Skiing's World Cup finals are starting this week in Garmisch-Partenkirchen, Germany, and you'll never guess who's the big favorite for the women's overall. Perhaps you've heard of her: 2010 Olympics gold- and bronze-medalist, already a two-in-a-row World Cup overall winner, has about 30-odd career World Cup wins... That's right, we're talking about a certain Ms. Lindsey Vonn.
When we say we're "in the zone," usually we mean the Deli Zone sandwich shop over on Boulder's University Hill. But sometimes we mean we're skiing "in the zone" -- slicing the fall line like a hot knife, thinking not about how tired or old or unskilled we are but about how bomber and awesome and stardom-worthy our skiing is.
On the runup to this weekend's always-thrilling Hahnenkamm races in Kitzbuhel, Austria—and just a few weeks before the 2010 Olympics—Bode Miller has received a couple of well-desrved boosts. For starters, of course, he took his first World Cup win in Wengen, Switzerland, last weekend—his first in close to two years.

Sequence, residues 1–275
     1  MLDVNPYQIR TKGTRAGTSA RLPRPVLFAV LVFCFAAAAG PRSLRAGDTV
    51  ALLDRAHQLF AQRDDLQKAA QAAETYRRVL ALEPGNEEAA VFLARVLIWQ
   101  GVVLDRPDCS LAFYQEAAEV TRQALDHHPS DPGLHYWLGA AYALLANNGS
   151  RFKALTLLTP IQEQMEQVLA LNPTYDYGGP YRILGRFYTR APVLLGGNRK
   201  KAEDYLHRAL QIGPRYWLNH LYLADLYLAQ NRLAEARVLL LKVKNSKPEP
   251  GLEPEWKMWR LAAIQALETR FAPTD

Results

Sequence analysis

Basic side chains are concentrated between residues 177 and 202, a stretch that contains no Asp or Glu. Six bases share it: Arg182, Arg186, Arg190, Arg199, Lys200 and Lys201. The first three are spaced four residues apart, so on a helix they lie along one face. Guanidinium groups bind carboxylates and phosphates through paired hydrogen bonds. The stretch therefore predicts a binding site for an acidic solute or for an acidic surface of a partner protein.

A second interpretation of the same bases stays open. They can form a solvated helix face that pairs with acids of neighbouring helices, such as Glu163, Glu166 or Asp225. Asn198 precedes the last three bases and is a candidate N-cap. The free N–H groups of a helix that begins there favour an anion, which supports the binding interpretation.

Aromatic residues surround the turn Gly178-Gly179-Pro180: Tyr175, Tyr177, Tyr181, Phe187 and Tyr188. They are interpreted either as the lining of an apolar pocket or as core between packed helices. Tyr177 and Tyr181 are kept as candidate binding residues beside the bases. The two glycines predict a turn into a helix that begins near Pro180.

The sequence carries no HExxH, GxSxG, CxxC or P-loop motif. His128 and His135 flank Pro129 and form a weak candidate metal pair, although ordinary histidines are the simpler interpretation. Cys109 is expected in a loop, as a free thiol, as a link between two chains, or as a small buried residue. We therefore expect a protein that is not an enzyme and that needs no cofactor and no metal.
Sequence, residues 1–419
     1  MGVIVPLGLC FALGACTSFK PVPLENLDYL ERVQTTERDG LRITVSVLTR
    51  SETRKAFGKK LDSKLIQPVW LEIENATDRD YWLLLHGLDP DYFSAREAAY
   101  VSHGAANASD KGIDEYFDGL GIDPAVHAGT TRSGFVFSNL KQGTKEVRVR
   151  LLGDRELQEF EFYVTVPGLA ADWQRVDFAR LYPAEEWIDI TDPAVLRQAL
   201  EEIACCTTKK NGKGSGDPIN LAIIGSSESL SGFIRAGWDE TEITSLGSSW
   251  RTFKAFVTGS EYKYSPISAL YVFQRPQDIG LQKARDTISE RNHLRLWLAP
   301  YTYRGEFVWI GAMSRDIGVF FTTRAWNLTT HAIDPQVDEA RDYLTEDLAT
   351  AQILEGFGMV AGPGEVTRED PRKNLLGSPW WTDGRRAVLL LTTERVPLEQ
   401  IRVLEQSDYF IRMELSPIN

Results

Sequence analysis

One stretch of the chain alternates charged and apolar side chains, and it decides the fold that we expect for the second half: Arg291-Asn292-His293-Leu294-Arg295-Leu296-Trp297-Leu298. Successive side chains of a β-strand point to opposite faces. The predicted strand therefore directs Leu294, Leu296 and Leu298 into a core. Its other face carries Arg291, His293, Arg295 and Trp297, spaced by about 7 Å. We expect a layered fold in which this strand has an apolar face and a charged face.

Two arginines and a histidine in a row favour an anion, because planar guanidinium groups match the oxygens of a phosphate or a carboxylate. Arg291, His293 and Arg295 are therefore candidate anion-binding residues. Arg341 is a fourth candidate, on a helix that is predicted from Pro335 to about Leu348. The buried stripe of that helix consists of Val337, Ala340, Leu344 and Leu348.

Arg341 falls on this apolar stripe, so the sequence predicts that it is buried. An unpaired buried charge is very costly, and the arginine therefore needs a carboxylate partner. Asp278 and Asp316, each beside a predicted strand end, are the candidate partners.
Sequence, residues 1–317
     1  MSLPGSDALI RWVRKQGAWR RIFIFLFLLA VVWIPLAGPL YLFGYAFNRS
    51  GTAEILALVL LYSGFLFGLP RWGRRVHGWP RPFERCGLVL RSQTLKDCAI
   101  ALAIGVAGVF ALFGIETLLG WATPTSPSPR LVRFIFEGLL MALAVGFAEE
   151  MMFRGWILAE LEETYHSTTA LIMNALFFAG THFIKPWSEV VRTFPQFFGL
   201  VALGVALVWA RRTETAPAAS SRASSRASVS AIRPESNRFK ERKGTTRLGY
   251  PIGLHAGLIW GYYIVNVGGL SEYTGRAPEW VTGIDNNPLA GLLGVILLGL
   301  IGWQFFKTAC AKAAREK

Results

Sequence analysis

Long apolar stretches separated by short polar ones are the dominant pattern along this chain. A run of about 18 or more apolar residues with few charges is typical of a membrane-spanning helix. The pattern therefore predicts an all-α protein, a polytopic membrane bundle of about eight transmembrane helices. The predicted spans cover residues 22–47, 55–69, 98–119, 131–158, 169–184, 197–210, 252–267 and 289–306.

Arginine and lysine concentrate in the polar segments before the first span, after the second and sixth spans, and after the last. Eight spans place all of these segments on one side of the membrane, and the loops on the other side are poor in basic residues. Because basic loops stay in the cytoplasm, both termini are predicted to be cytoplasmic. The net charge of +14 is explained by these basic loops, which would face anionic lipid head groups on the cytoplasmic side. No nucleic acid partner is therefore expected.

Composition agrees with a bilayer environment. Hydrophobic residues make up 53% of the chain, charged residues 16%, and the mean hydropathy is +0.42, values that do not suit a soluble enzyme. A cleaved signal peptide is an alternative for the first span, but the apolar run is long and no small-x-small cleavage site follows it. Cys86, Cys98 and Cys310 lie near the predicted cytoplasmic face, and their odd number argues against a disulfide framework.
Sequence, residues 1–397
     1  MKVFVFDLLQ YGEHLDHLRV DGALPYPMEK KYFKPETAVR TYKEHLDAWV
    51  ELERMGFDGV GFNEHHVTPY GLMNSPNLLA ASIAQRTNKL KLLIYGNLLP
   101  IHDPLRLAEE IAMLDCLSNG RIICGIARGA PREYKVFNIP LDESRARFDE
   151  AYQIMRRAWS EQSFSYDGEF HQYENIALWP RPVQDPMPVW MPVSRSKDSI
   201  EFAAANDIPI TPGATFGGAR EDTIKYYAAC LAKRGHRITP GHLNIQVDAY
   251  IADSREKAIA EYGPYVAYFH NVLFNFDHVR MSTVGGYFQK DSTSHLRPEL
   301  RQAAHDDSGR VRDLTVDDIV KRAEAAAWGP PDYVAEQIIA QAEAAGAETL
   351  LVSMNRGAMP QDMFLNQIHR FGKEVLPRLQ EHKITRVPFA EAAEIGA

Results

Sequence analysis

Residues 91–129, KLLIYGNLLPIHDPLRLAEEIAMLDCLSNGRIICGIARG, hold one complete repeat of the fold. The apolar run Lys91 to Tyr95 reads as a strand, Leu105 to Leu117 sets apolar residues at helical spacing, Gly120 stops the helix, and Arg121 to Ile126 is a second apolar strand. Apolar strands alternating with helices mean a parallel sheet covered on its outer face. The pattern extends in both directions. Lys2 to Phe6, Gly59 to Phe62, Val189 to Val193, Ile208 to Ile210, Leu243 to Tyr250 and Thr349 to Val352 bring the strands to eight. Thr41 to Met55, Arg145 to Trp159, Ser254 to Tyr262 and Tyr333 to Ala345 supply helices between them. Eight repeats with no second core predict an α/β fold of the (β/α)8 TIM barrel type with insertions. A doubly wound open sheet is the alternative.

Vail’s Sarah Schleper continues to look like she means business in the lead-up to what certainly will be her last Olympics, while Lindsey Vonn, feeling better about her injured hand, straddled and skied out midway through the first run in Tuesday’s World Cup slalom, held under the lights at Flachau. Marlies Schild of Austria edged Maria Riesch of Germany for the win, but Vonn remains in the overall points lead by 112 points.
You'll have to tell us when you're sick of reading about Lindsey Vonn. Because until that time—and maybe after it—we're going to keep telling you about her. This weekend was a big one for America's sweetheart on skis: Vonn stomped the Lake Louise World Cup downhill on Friday, and then did it again on Saturday.
World Cup visits the Arctic Circle; next stops: Aspen, Beaver Creek
Short hill, bitter cold, lighted slopes and lots of Scandinavians? No wonder Lindsey Vonn felt so comfortable. “This hill reminds me so much of racing back at Buck Hill,” said the Minnesota native, who finished second, just .08 seconds behind winner Maria Riesch of Germany in Saturday’s World Cup slalom at Levi, Finland.
In the men’s race on Sunday, Ted Ligety, in 18th, and Jimmy Cochran, 19th, led the U.S. team, with Bode Miller taking a gate to the face and failing to finish the second run in his first race back as a U.S. Team skier.